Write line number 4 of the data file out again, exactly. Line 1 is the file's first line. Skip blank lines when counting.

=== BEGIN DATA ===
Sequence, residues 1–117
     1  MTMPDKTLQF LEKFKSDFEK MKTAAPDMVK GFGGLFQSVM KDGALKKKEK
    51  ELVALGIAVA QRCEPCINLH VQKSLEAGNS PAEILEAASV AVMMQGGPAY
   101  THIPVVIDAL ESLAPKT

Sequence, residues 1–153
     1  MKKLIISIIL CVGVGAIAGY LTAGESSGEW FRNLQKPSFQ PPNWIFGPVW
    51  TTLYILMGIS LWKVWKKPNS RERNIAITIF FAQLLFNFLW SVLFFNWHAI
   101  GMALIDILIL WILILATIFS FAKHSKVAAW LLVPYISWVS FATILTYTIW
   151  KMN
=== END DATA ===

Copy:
   101  THIPVVIDAL ESLAPKT